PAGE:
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Death in the Fort - Chapter One

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Jan Hoffman | The Journal Gazette

Chapter 1

The first thing you should know about Fort Wayne is that everybody here knows everybody else.

This is a small town, or at least it likes to pretend it is. For a typical Fort Wayner - and I'm talking about a lifer here - a week doesn't pass without running into someone who knows your second cousin's step-uncle or once dated the woman who waxes your ex-roommate's mustache or something. Here's an example. I've lived here my whole life and have yet to meet one native who hasn't at least heard about that girl I went to high school with, the one everyone called "Rip." (She moved away eventually, if you're wondering. No one could blame her.)

Fort Wayners can be friendly, too. But we have a nasty habit of sending the welcome wagon out only after you've lived here for 10 years. At least. But that doesn't mean we haven't been watching you - mentally cataloging your decisions to recycle your mustard jars and plant corn in your backyard. Locals keep an eye on stuff like that.

Which is why Darleen Fitz seems so strange.

First of all, her name was Darleen, and she was only about 30 years old. Jessica, my roommate, thinks this is hilarious. But Jessica is a Jessica. My name is Martha, so I understand Darleen's plight.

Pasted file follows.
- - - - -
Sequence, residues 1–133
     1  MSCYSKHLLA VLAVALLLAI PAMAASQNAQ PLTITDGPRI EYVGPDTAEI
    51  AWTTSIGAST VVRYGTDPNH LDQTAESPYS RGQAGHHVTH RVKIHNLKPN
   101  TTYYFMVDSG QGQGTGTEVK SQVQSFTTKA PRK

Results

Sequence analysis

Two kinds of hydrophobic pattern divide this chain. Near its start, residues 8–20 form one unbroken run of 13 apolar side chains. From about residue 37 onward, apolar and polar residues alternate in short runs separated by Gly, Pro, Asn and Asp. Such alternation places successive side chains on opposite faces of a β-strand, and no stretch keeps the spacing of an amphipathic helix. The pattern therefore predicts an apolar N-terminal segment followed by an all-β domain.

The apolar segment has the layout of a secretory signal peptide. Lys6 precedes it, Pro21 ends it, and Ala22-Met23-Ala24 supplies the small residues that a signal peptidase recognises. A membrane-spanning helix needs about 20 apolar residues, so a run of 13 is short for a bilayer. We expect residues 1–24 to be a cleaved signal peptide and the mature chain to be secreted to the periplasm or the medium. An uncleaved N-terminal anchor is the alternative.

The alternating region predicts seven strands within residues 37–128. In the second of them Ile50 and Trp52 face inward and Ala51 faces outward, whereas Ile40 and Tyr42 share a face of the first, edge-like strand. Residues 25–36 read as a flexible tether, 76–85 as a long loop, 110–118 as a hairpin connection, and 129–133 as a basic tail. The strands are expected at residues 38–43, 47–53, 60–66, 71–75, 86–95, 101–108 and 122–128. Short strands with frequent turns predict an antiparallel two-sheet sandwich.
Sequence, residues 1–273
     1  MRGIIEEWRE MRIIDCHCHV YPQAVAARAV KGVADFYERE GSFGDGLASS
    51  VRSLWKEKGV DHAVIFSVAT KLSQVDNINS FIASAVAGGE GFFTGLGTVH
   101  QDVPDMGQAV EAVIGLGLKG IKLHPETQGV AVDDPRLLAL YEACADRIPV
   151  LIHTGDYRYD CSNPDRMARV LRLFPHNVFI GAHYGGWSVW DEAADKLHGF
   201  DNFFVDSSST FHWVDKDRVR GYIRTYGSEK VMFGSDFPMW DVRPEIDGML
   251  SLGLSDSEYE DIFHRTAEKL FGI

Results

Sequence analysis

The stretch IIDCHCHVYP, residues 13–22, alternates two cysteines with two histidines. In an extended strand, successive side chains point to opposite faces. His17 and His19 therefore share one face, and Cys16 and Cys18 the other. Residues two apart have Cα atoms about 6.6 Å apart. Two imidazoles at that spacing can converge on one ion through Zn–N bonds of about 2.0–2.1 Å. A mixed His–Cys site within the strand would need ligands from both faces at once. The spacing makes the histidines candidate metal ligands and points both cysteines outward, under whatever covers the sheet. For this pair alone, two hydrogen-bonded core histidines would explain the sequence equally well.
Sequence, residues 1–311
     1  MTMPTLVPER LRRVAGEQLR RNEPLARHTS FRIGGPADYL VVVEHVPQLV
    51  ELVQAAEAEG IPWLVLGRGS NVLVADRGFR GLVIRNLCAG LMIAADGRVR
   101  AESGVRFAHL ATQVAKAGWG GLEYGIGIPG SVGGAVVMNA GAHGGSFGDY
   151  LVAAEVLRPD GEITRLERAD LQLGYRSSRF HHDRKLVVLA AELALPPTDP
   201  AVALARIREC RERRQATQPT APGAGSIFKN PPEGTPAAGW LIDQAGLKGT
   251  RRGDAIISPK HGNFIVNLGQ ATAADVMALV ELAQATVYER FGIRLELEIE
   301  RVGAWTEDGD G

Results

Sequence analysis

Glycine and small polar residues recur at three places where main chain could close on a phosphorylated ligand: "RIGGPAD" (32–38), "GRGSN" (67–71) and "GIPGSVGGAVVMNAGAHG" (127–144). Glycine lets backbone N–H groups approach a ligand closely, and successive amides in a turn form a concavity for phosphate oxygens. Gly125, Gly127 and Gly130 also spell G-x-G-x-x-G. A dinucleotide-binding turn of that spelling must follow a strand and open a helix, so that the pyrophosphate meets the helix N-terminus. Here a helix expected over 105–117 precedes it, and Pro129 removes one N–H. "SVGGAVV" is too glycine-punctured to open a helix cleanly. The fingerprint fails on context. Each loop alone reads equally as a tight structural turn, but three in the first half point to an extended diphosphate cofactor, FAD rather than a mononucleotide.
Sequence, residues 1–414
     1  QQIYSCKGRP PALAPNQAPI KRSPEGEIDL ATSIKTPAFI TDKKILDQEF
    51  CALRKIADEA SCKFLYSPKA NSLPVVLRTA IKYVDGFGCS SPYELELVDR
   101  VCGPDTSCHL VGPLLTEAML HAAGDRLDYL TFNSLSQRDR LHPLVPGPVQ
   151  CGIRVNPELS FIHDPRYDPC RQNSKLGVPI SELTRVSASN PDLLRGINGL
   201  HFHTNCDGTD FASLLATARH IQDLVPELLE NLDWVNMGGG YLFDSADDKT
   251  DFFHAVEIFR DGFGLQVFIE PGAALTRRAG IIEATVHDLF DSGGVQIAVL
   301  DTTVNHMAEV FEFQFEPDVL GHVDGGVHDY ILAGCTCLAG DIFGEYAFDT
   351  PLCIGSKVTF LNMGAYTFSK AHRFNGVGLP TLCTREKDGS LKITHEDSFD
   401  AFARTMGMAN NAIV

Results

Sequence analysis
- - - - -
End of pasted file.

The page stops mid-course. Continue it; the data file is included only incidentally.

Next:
Darleen was born in Fort Wayne, a native and a proud North Side River Rat, she said. But the longer we knew her - and she lived next door to us for nearly a year, attending our barbecues and dropping off spare keys before leaving town - the more we doubted it.

She'd grown up in the Lakeside area, just like us, she said. And yet she didn't know anybody from the neighborhood. Mention any one of the Parishes or the Didiers - and there are plenty to choose from - and her face was a complete blank. And then she'd tilt her head, twist a bit of frizzy blonde hair around a finger and say, "I wasn't very popular."

Everyone from Fort Wayne knows you don't have to be popular to know a Didier. But that's beside the point. Darleen seemed to have no recollection of any of the nostalgic things everyone in the neighborhood remembers - the raft race, hanging out in the parking lot of Karma Records, Mikey's Mustache. (If you wanted a quality perm or mullet, that was the place to go.)

"Darleen is a mystery," Jessica would say. "A mystery that knows no Didier."

Well, she was a mystery. She's not anymore.

Two days ago, I shot Darleen Fitz. But it was OK. She was already dead anyway.